It has been said that cartooning is America’s only true indigenous art form. The topic is highly debatable in some circles, but many consider the The Little Bears to be the nation’s original daily comic strip –so proclaimed because it was the first to feature ongoing characters. Others point to Richard Outcault's The Yellow Kid as the first, based on Outcault’s use of multiple panels connected by a continuous story line.  Swinnerton maintained the opinion that Outcault did indeed create the first daily comic strip, while he himself could lay claim to the initial “continuity strip”.

Regardless of which camp one sides with, there is no doubt both Swinnerton and Outcault were monumentally influential in elevating the popularity and commercial viability of cartooning in American history.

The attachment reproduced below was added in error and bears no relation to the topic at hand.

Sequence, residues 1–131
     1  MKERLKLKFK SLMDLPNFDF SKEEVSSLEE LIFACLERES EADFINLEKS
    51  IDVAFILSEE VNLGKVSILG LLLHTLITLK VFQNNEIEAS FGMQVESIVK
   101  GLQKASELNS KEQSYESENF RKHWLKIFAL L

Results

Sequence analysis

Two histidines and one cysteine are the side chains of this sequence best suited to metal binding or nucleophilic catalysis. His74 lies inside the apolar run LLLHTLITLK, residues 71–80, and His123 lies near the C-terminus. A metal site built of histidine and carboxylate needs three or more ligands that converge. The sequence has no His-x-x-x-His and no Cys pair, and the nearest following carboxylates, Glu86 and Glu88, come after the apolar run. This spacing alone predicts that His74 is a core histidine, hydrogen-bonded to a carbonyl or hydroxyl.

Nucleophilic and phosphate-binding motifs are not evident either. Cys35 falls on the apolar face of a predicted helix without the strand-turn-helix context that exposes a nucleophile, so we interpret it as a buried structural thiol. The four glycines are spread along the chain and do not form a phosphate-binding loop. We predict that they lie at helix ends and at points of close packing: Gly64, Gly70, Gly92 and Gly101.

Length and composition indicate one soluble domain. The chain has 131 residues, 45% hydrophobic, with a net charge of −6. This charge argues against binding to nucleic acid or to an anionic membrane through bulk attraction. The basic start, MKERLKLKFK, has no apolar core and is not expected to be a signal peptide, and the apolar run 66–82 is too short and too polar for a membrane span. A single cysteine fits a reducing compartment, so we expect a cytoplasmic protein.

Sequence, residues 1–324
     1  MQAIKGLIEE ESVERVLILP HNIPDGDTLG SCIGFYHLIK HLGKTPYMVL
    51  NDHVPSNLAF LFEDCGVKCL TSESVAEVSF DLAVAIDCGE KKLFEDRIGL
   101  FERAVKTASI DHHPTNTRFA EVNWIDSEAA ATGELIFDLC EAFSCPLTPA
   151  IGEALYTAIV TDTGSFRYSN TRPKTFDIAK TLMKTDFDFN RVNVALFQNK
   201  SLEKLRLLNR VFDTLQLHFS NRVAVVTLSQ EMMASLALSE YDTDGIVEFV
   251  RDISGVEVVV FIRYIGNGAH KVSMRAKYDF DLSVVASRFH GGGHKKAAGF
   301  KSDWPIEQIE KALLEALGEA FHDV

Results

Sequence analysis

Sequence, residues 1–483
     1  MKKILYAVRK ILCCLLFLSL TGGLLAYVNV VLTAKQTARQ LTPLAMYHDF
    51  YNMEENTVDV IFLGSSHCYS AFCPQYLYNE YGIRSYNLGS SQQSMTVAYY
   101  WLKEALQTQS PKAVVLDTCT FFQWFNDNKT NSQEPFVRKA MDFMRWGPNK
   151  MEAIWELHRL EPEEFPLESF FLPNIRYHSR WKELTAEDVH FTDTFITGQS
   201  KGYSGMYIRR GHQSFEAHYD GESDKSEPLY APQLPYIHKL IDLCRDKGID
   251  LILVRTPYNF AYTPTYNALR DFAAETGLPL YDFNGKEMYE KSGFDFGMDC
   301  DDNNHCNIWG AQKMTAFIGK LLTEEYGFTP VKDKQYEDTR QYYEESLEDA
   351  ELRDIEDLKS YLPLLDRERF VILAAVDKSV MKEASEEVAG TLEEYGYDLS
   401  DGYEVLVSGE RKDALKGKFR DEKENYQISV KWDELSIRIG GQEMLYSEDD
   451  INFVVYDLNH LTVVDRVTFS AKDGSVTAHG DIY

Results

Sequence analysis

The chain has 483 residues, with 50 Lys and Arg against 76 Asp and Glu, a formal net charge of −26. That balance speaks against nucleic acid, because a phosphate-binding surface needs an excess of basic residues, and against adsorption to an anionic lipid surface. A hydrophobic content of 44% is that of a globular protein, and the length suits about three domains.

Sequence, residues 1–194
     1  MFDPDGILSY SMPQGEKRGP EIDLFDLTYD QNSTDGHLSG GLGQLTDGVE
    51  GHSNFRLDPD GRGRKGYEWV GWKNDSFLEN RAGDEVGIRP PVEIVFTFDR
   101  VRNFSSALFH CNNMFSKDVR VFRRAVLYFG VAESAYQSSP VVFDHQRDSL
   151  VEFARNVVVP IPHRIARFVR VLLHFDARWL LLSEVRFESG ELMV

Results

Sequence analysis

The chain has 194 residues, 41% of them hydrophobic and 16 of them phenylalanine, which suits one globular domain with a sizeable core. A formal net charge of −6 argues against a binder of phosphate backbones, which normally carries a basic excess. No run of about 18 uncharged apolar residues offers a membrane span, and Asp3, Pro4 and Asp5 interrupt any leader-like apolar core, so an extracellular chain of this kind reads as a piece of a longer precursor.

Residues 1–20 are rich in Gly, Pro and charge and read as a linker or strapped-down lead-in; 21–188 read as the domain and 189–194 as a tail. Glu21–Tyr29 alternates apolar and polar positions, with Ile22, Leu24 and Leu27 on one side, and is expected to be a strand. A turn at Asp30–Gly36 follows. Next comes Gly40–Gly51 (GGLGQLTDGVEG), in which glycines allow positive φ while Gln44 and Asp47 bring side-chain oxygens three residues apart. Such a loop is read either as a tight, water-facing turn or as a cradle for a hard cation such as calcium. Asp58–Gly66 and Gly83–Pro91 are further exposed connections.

In 1896, after purchasing the New York Morning Journal, Hearst transferred Swinnerton to New York City.  Soon afterwards Swinnerton changed his bears to tigers and created one of his best known characters.  “Mr. Jack,” was a hapless woman-chasing feline that many thought was based on the Tammany Tiger. Given Mr Jack’s proclivities, the strip may also have had some semi-autobiographical undertones.  Yet others thought the character’s escapades were not suitable for reading by younger audiences and the strip was soon moved to the sports section.

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James Swinnerton Desert Horizons Cover

Desert Horizons-Images of James Swinnerton's Southwest

Now available for purchase

   
   
  We are always interested in purchasing or accepting on consignment work by James Swinnerton.  Please contact us with any inquiries.
   
   
   
  James Swinnerton Entrance to Oak Creek Canyon
 

Above: Oak Creek Canyon, Arizona

Image courtesy of

The Picerne Collection

 

Below: Near Sedona, Arizona

Image courtesy of

The Phippen Museum

 

James Swinnerton Near Sedona Arizona

 
James Swinnerton Los Angeles 1927
James Swinnerton-Los Angeles 1927
 
James Swinnerton Grand Canyon Sunset
Grand Canyon at Sunset
 
Grand Canyon by James Swinnerton